Health plans' third-party recovery provisions may need attention

July 1, 2006

In a unanimous decision (Sereboff v. Mid-Atlantic Med. Svcs.) released on May 15, 2006, the U.S. Supreme Court permitted a health insurer to enforce a reimbursement provision against a participant. The plan had paid approximately $75,000 for the treatment of injuries suffered by the participant, Marlene Sereboff, and her spouse, who subsequently received $750,000 pursuant to a third-party tort settlement. The health plan provided that a participant who is injured by another person and receives benefits under the plan for such injuries must reimburse the plan from any amount recovered, without reduction, for failure to receive the full damages claimed. When the participant refused to comply with this reimbursement provision, the insurer obtained an injunction requiring the Sereboffs to set aside sufficient funds from the settlement, pending a final ruling in the case.

In a unanimous decision (Sereboff v. Mid-Atlantic Med. Svcs.) released on May 15, 2006, the U.S. Supreme Court permitted a health insurer to enforce a reimbursement provision against a participant. The plan had paid approximately $75,000 for the treatment of injuries suffered by the participant, Marlene Sereboff, and her spouse, who subsequently received $750,000 pursuant to a third-party tort settlement. The health plan provided that a participant who is injured by another person and receives benefits under the plan for such injuries must reimburse the plan from any amount recovered, without reduction, for failure to receive the full damages claimed. When the participant refused to comply with this reimbursement provision, the insurer obtained an injunction requiring the Sereboffs to set aside sufficient funds from the settlement, pending a final ruling in the case.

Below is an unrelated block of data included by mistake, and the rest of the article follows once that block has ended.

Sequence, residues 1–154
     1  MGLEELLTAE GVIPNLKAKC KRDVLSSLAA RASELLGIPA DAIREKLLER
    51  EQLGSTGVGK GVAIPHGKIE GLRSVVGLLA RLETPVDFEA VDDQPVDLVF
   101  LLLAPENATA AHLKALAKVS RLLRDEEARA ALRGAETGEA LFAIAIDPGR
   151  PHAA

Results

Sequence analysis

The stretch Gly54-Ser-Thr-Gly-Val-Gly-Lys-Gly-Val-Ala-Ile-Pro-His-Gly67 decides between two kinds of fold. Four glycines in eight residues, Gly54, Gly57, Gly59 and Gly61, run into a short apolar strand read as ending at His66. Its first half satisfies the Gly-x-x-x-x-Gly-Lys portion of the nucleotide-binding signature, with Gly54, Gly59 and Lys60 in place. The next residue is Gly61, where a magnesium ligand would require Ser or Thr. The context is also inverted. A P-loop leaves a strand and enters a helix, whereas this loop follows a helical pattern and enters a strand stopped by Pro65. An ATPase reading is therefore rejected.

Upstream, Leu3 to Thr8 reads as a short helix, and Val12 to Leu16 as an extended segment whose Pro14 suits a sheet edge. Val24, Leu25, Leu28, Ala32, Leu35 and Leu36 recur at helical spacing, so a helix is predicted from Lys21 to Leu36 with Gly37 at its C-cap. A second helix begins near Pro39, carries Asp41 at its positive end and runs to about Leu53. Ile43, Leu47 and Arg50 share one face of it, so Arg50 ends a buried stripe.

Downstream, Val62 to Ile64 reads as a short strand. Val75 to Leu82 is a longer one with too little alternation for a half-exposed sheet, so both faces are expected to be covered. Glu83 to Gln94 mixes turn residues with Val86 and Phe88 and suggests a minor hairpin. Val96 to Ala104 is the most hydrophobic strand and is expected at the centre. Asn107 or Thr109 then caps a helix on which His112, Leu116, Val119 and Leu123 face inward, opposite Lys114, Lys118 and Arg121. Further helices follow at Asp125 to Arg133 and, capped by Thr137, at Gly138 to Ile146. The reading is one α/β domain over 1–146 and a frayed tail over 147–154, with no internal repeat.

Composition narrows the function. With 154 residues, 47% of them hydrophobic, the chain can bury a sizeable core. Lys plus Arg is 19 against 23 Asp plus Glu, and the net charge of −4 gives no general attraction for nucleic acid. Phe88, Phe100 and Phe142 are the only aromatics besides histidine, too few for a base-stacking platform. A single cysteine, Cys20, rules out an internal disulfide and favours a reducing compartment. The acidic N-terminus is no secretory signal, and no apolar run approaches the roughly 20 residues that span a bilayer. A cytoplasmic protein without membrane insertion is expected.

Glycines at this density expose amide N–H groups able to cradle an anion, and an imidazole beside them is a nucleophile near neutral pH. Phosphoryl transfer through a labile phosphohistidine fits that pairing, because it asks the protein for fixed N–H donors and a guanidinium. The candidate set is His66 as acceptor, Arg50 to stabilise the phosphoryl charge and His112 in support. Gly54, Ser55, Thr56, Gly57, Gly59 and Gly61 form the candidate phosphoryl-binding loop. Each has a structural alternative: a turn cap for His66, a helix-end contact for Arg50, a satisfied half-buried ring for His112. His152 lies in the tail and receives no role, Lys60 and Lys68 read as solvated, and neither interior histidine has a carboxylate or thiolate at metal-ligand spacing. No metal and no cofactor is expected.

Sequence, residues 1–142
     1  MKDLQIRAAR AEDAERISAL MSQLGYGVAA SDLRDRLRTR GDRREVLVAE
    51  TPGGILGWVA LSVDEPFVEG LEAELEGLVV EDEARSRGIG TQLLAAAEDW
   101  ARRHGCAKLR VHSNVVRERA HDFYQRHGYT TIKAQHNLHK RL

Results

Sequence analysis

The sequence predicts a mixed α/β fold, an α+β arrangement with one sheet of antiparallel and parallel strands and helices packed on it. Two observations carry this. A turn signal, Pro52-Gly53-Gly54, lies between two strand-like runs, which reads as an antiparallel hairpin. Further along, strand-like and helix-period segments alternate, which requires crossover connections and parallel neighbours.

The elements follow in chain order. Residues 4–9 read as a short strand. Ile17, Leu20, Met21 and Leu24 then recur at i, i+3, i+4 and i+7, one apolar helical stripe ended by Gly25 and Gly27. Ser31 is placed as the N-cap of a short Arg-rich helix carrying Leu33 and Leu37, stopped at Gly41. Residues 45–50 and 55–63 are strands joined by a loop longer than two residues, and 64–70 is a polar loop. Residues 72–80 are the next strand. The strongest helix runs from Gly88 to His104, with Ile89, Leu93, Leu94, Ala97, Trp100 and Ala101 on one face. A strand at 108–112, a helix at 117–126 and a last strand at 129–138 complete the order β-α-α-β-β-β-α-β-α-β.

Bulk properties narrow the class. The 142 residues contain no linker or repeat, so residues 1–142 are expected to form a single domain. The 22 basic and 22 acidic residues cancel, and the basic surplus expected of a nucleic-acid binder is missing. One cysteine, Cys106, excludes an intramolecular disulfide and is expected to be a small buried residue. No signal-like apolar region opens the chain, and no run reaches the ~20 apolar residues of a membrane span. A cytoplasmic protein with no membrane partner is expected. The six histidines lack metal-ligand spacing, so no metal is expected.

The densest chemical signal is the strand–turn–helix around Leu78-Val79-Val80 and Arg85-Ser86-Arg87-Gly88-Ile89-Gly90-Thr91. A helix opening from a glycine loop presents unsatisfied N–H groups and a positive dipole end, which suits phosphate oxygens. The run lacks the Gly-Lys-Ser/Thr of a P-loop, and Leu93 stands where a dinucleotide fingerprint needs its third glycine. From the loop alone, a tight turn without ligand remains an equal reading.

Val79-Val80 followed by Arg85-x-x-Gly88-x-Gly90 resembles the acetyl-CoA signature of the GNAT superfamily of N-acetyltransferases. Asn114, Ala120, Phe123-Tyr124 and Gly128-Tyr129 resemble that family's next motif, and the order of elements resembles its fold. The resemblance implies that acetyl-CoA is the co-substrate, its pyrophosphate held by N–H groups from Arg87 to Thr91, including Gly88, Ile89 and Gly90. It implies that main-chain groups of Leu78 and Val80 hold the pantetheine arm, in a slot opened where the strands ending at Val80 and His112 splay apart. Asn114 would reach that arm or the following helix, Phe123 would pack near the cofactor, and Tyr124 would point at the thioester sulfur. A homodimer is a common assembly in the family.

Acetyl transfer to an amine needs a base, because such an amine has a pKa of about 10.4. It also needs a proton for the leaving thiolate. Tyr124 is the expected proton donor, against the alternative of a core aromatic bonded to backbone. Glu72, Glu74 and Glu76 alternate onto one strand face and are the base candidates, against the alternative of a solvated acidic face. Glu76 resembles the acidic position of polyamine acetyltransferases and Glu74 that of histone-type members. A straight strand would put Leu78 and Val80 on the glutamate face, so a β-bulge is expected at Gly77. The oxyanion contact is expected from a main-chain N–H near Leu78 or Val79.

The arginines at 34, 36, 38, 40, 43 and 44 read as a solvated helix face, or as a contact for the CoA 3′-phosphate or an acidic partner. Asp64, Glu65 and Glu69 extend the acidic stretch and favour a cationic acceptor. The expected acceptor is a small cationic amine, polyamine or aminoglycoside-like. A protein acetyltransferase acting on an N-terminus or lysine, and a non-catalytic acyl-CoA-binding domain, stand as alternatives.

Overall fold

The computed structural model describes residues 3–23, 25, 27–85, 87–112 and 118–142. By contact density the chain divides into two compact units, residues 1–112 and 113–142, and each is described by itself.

The full implications of this decision will unfold over time. However, health insurers or plan sponsors should review and, if necessary, amend the plan's third-party recovery provisions. Counsel for Sereboff argued for a strict "tracing requirement" on all recoveries, i.e. that the funds the plan sought to recover must be directly traceable to those the plan had advanced. Chief Justice John Roberts, however, distinguished between an equitable lien sought as a matter of restitution and an equitable lien imposed by agreement. Only the former required strict tracing. Chief Justice Roberts concluded that the fund over which the lien is asserted need not be in existence when the contract containing the lien provision is executed. Thus, for a plan fiduciary to obtain recovery, as a threshold matter the plan document (as well as, presumably, the summary plan description) must clearly obligate the participant to reimburse the plan from specifically identifiable funds.

This column is written for informational purposes only and should not be construed as legal advice.